The Spring Break 2017 Memphis Tour is over. We had a blast with the Doctors.
We went to Sun Studios and pretended to be Elvis (actually, I pretended to be Johnny Cash). We went to the Rock and Soul Museum on Beale Street. We even did two Escape Rooms (it was raining). Why two? Because we didn’t escape from the first one. I walked in Memphis with my ankle brace ten feet off of Beale. We even went to Mud Island. We did everything but Graceland.
But mostly we ate. It’s a good thing we were walking everywhere because the food in Memphis is not to be missed. I don’t think we missed any of it.
We did the Rendezvous. We ate at the Majestic Grille, a restaurant made from a 100-year-old theater that showed black-and-white movies while we ate. We ate at a place called Flight that served both its food and its wine in flights. We met my college roommate and his wife at McEwen’s, an outstanding restaurant downtown. We ate lunch at the Blues City Café. I’m telling you, we ate.
But the favorite place we ate was Gus’s World Famous Fried Chicken. If you haven’t been there you need to go. As you can tell, it’s pretty impressive to behold.
We went at six o’clock on a Tuesday evening because we had been warned it can get pretty crowded. We had to wait about twenty minutes to get a table, then we feasted on the best fried chicken I have ever eaten (and, frankly, I have eaten a lot of fried chicken). Peggy swears that at one point she saw my brother-in-law’s eyes roll back into his head. We dined to a genteel sufficiency and left before seven. When we left the line to get a table was out the door and wrapped halfway around the block. On a Tuesday. In a rain storm. I can tell you for those people waiting in the rain, it was worth it!
I have not eaten fried chicken since we returned home from the trip. I do not want to sully the memory of the greatness of Gus’s.
It may not have been the last meal we had in Memphis, and it certainly was not the fanciest meal we had in Memphis. It was, however, the meal we had in Memphis. God bless Gus…
The title does not refer to the soap opera that ran for my entire childhood, or one of the many other television shows of the same name.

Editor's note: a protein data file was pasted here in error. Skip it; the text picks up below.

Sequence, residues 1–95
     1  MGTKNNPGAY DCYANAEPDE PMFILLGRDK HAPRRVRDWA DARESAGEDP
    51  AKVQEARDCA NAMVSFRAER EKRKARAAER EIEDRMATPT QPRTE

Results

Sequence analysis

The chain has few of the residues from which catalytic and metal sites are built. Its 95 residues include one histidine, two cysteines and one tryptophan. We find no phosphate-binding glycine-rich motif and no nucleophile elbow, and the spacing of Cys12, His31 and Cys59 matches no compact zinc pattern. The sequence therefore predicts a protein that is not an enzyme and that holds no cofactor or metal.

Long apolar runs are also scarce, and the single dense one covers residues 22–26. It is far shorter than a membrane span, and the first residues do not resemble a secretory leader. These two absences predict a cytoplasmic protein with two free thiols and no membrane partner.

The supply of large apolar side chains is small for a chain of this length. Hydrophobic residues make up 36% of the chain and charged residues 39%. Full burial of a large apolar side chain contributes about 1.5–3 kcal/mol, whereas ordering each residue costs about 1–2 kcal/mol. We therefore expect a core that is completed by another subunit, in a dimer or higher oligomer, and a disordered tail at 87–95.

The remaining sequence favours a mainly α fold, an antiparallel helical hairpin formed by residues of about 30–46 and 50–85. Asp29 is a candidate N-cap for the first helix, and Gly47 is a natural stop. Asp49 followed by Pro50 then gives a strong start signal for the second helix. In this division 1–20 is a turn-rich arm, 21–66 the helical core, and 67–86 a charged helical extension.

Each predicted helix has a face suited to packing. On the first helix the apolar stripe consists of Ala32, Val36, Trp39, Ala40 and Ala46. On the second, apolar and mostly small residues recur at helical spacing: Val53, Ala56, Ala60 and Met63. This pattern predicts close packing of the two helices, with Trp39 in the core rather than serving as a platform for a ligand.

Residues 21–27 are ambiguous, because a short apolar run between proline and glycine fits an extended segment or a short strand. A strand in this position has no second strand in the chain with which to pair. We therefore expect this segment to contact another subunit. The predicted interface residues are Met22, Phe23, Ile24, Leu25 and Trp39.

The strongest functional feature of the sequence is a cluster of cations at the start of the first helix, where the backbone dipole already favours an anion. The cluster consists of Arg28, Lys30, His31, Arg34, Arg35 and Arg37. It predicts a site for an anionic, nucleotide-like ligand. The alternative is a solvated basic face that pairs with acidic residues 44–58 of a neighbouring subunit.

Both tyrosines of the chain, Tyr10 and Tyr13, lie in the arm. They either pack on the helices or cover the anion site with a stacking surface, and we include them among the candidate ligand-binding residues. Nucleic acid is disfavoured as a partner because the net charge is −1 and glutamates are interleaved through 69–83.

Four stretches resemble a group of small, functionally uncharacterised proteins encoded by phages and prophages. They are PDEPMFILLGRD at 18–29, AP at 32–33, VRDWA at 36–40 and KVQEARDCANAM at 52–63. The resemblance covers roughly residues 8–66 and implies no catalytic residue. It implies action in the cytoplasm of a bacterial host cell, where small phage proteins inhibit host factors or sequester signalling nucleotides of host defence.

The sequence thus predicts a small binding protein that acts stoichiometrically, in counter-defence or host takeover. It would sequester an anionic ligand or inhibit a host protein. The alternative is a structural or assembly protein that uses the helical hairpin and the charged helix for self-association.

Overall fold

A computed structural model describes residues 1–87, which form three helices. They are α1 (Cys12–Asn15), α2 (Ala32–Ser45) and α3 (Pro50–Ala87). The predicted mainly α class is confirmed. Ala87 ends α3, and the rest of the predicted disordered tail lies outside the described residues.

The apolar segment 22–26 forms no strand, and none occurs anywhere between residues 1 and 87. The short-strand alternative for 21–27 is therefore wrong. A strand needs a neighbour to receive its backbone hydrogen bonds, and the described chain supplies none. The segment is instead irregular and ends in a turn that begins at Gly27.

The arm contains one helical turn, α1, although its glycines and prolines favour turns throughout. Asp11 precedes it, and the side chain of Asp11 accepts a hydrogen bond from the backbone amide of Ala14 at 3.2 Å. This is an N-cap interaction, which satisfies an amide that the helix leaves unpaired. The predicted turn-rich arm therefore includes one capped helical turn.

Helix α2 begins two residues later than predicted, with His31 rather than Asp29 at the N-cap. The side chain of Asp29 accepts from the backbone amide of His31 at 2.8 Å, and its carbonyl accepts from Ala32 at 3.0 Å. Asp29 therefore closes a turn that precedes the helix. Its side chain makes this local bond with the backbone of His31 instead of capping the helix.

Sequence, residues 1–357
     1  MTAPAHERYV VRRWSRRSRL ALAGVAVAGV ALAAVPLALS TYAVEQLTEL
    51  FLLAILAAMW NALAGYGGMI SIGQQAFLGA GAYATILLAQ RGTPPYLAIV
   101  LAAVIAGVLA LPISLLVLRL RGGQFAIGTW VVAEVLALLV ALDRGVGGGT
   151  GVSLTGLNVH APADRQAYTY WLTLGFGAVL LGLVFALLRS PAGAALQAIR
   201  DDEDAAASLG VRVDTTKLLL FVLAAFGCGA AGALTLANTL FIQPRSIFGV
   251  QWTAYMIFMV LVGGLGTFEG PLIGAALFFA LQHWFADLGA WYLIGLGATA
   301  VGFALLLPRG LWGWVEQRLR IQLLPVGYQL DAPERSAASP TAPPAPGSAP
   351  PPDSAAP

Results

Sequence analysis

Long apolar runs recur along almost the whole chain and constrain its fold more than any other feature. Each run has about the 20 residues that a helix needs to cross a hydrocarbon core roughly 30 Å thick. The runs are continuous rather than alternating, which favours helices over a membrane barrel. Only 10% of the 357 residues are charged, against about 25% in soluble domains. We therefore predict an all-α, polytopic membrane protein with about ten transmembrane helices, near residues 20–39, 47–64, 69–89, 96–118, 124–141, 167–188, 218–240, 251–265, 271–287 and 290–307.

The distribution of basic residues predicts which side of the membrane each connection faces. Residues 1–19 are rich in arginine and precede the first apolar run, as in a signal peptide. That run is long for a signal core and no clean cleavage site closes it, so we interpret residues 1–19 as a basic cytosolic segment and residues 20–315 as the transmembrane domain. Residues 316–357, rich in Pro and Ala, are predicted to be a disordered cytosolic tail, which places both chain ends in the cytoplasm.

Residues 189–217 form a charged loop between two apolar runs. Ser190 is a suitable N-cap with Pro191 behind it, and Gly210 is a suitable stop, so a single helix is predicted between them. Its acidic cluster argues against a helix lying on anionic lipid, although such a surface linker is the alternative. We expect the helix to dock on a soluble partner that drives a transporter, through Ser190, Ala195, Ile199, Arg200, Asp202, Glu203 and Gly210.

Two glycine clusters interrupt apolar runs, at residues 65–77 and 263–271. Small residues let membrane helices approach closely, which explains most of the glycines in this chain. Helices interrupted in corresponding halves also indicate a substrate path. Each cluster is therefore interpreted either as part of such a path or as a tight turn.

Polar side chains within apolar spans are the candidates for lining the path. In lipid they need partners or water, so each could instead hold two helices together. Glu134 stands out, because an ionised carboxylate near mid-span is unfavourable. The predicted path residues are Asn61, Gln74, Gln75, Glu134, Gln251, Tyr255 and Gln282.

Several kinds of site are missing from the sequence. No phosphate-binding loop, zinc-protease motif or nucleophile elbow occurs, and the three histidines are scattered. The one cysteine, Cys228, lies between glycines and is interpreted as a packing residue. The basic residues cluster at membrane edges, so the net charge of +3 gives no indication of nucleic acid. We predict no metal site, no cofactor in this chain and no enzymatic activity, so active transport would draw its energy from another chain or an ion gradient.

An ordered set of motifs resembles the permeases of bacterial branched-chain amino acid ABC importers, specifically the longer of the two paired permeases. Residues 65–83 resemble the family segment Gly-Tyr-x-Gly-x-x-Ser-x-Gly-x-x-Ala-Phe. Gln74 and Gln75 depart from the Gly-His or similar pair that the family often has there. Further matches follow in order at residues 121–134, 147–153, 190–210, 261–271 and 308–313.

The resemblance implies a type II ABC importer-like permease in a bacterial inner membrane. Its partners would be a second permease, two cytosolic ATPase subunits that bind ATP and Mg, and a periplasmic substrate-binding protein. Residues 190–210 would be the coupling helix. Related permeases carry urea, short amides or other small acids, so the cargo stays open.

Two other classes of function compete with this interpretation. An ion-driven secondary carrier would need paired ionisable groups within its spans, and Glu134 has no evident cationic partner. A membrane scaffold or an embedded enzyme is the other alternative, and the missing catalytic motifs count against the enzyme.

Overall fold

I’m talking about my sister and her husband. She’s a Ph.D. English professor and he is a psychiatrist. Peggy and I refer to them as the doctors.
My sister and her husband met as freshmen in college, and Peggy and I began dating in high school. So, the four of us have known each other as couples since 1980. We love to do things together, and once their youngest son went to college we began inviting them to travel with us. In recent years inviting has turned to harassing…
They finally agreed to travel this year. My sister wanted to do it over her Spring Break, so we told them to pick a place. We knew that the psychiatrist had a conference the following week in Atlanta, so we were fully prepared for the choice to be Charleston, Savannah, or any of several other cool coastal locales. When the suggestion came back to go to Cleveland, we had to be careful. We did not want to go to Cleveland, but neither did we want to scare off the baby deer making its first foray into traveling with us. I suggested that perhaps Cleveland was a better choice in October rather than in winter. When the next option came back as Memphis, we jumped at it!
Memphis is cool and reasonably close — notwithstanding our eleven hour journey to get here. Lots of stuff to do and decent weather in March. Blues and barbecue. Thank you, thank you very much.
Today will be our first day to venture out since arriving late last night. I’m really looking forward to walking without the boot I’ve been wearing for several weeks (I brought it just in case). Let’s get this show on the road!
We left Baton Rouge this morning and drove to Vicksburg, Mississippi, to meet my sister and her husband. Then we began the trip to Memphis.
Now, if the point of the trip was to get to Memphis, we would have taken the interstate and arrived in Memphis at about 4:00 in the afternoon. Not the point.
My grandmother died when I was very young, so my grandfather was a fairly young widower. When he would go on trips I would travel with him to keep him company. I would bring my ukulele or guitar and we would sing in the car as we traveled. And we would stop at anything that looked interesting. Or if we got hungry. Or if I had to go to the bathroom. Or because it had been an hour since we last stopped.
It took forever to get anywhere, but we always had a blast. My father used to refer to this as “traveling like Ike.”
Today we reveled in traveling like Ike. We drove the “Blues Trail” up highway 61. We left at noon and stopped an hour north of Vicksburg to eat lunch at the Onward Store. We saw the (alleged) birthplace of Muddy Waters. We saw the Ground Zero Blues Club and went to the Delta Blues Museum in Clarksville, MS. We even stopped again for dinner at the “famous” Como Steakhouse in Como, MS (it really is famous and it really is good!).
We finally rolled into Memphis about 11:00. In the snow.
It was the perfect end to a perfect day of traveling like Ike.